Those are the early results from the first cohort of BRACE Cadets, a peer-to-peer college and career mentoring program within the Broward County Public Schools. On May 28, Ralph Aiello, Director School Counseling & BRACE, School District of Broward County, Yvonne Green, MSW, College, Career & Life Readiness Specialist, Broward Schools, and Carol Lopez, Supervisor, College and Career Readiness, Broward Schools, joined FCAN’s Kathy McDonald, Assistant Director for Network Partnerships, for a webinar to share strategies, successes, and lessons learned from leveraging students as peer influencers.
Get to Know: Broward BRACE Cadets
BRACE Cadets are high school students trained to help their peers take action in preparing for college, career, and life after high school.
Broward County Public Schools, which serves more than 267,000 students and is the nation’s sixth-largest school district, launched the program in the spring of 2019 to harness the power of peer influence and reach.
“We found that the most influential person on a student’s life and career choice is their parent, but the second most powerful influence is their peers,” Aiello said. “We could leverage this peer influence for the betterment of students.”
BRACE Cadets create programs to implement in their schools around five key priority areas:
- College readiness
- Career readiness
- Financial aid – FAFSA, Bright Futures, Scholarships
- Alternatives to 4-year colleges
Becoming a BRACE Cadet
Over 300 students applied to participate in the first program cohort of 60 peer mentors.
Applicants had to take many of the steps they would help their peers navigate — fill out an application, prepare to be interviewed, complete the Common Application, and take self-assessments to understand their strengths. Those selected had to sign an agreement to attend four days of mandatory training, submit two project plans focused on the district priority areas, and implement their approved project. Upon completion, students each received a $500 stipend.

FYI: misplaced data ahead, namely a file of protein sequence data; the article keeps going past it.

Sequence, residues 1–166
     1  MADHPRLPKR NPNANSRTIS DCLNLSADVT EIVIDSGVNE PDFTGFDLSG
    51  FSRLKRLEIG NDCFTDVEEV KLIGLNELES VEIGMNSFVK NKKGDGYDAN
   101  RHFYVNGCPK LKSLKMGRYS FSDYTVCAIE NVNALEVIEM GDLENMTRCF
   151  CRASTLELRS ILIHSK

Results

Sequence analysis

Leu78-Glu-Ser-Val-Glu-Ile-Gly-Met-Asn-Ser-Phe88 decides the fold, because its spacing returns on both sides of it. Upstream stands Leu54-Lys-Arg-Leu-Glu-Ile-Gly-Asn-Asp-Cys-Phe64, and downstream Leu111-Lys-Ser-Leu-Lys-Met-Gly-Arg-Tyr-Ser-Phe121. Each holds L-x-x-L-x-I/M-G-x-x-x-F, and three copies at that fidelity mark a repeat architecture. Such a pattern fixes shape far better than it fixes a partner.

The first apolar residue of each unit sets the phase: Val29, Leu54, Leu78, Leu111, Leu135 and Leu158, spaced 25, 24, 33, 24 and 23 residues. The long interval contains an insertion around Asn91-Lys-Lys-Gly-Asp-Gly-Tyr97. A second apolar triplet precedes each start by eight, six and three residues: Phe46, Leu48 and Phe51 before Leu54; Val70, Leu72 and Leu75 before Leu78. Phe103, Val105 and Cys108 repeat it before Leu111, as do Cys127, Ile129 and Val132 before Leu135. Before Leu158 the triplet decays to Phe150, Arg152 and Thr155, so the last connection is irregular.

Student projects included college admissions match and selection, scholarship preparation, technical college awareness, and FAFSA support. According to the presenters, the keys to the program’s success included giving students a choice in how they help build a college-going culture in their school and developing them as leaders and influencers, not just students implementing projects.
“We don’t tell students what to do,” Green said. “We tell them what the priorities are, and let them design the project.”
Impact of BRACE Cadets
The first cohort of BRACE Cadets helped their peers take action in a variety of areas, including (number of students served in parenthesis):
- Complete a FAFSA (213)
- Create an FSA ID (50)
- Fill out Bright Futures applications (71)
- Apply for scholarships (345)
- Apply to college (72)
- Take self-assessments (376)
- Conduct career searches (139)
- Explore military and career technical options (41)
- Create a postsecondary plan (95)
Even more important was the personal transformation of the cadets who began to see themselves as leaders, influencers and game-changers.
“We were with them from 8 a.m. to 3:30 p.m. for their training, and the funny thing is they wanted more training,” Lopez said of the first group of BRACE Cadets.
Supported by federal Title IV grants and a To and Through Advising Challenge grant from the Bill and Melinda Gates Foundation, Broward is now in its fourth cohort of BRACE Cadets who continue to make an impact in their schools. These funds helped cover the cost of student and trainer stipends, provided uniforms that helped solidify the brand in the community, and provided incentives that motivated students to take action.
To learn more about BRACE Cadets and the power of student peer influencers — or to view the webinar and download the presentation — take advantage of these resources:
Be sure to visit our Past Webinars page for access to recordings and downloadable material from FCAN’s previous presentations.